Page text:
Quakers never cared much for music, but the city has nonetheless musically flourished into international fame. At the same time, quarrels and internal battles have also been world class.
Right Angle Club 2012
This ends the ninetieth year for the club operating under the name of the Right Angle Club of Philadelphia. Before that, and for an unknown period, it was known as the Philadelphia Chapter of the Exchange Club.
|The Kimmel Center|
MICHAEL Bolton, Vice President of the Opera Company of Philadelphia, recently addressed the Franklin Inn Club, giving one of the more informative descriptions we have had about the inner workings of a philanthropic entertainment. We are very grateful to him for being so frank and open about an important perplexing issue.
The Academy of Music was originally designed as an opera house but served for many years as the home of the Philadelphia Orchestra as well. We formerly had two Opera companies, but the audience couldn't support two before they merged. Things are now definitely looking better for opera in Philadelphia; the recent presentation of La Boheme , for example, was one of the high points of American opera in recent memory. However, that achievement has been made with struggles and a certain amount of patchwork. For example, the Academy of Music is owned by the Philadelphia Orchestra, which now has its home in the Kimmel Center, and rents the Academy building to the Opera. It's hard to know who makes out better in this circular arrangement, but there is little doubt the Opera Company is pinched by the rental fee of $45,000 per performance, which probably partly goes to subsidize some of the financial troubles of the Orchestra that have recently been in the papers. It ends up costing a million dollars to put on a performance at the Kimmel Center, nearly two million to put one on in the Academy.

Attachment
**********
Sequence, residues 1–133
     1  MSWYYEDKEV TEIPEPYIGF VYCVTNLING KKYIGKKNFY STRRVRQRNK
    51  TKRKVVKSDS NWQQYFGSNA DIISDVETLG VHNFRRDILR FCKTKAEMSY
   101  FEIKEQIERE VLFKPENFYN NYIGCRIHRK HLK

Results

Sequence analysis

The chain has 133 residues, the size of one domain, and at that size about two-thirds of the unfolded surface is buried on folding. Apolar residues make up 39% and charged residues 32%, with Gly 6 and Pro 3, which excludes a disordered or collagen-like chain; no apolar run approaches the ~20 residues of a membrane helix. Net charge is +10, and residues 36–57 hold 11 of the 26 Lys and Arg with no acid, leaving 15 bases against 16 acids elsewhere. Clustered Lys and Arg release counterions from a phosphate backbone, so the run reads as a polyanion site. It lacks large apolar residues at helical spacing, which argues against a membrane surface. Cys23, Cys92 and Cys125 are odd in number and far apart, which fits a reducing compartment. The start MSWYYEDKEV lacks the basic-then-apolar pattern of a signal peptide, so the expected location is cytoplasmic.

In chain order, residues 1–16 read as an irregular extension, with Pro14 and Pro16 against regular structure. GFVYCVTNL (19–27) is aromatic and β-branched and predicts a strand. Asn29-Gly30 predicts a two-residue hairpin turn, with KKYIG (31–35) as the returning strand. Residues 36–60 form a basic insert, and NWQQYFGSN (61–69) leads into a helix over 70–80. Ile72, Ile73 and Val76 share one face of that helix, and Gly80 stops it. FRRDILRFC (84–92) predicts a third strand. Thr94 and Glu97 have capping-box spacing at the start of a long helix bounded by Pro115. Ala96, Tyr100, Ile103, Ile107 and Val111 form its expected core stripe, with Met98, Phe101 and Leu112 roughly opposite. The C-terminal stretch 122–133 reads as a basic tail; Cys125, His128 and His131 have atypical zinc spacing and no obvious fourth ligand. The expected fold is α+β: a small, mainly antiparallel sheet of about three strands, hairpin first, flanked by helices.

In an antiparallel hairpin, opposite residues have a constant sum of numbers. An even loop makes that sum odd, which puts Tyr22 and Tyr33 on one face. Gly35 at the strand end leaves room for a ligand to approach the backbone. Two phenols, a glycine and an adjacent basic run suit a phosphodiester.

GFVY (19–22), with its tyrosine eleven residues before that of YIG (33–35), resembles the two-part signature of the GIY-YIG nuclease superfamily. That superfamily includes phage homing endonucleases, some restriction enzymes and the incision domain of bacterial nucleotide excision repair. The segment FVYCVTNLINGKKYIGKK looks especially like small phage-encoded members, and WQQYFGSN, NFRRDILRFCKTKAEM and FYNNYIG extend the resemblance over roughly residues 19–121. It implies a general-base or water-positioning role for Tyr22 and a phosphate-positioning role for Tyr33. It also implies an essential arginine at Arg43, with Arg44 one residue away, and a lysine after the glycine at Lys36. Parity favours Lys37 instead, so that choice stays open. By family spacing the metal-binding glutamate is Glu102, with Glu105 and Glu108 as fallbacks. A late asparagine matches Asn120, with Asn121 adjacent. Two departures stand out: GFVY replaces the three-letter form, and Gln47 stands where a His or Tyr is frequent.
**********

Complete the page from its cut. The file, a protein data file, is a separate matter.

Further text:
It's true that our opera costs (and ticket prices) are less than in many other cities, most notably the Metropolitan Opera in New York. But it's more important to know that only half the budget is spent on performers. When you hear of the prices paid to performers, particularly soloists, it's easy to imagine this is the main source of financial strain. But the issue is not what people are paid, but rather who is overpaid. At the top of the list has to be the stagehands, whose hourly wages Mr. Bolton declined to specify. But I recently had the opportunity to overhear a conversation on the train between a stagehand and his friends. With great glee, the gentleman described how few hours he worked, how little needed were his services, and how soon he expected to retire. Even making some allowance for boastfulness, this recital was a little hard to take on the day after I had sat in a hundred-dollar seat.
|The Academy of Music|
Philadelphia wants to put on more and better operas. There are so many applicants for positions that the junior nonfamous singers are charged $300 by the agents, just to have an audition. Voice teachers command several hundred dollars an hour to coach aspiring performers. There is a great oversupply of performers in the local market; the problem is inadequate demand, resulting in part from high prices. No doubt this situation will correct itself, partly, when the economy recovers. Unfortunately, however, some of us old-timers can remember the Japanese recession which is in its seventeenth year, and our own Great Depression of the 1930s, which lasted fifteen.
My own suggestion is that the Italian and Central European immigrants of the early Twentieth century are disappearing, and their children have become Americanized. What we now need is to make a conscious effort to Americanize classical music, especially opera. American singers no longer adopt European stage names; it's more likely to be the other way. Let's recall that America was founded just eight blocks from the Academy. Beaumarchais, the one who wrote the Barber of Seville, ran a Revolutionary gunpowder smuggling ring in conjunction with Robert Morris. Major Andre and General Burgoyne were authors and producers of theater. If librettists get desperate, there is always Benedict Arnold the estranged hero of the Battle of Saratoga. And George Washington with tears on his cheeks as he gave orders for Major Andre to dance on the end of a rope. There's plenty of material for grand opera in this city. And most of it is even true.
Originally published: Sunday, October 21, 2012; most-recently modified: Wednesday, June 05, 2019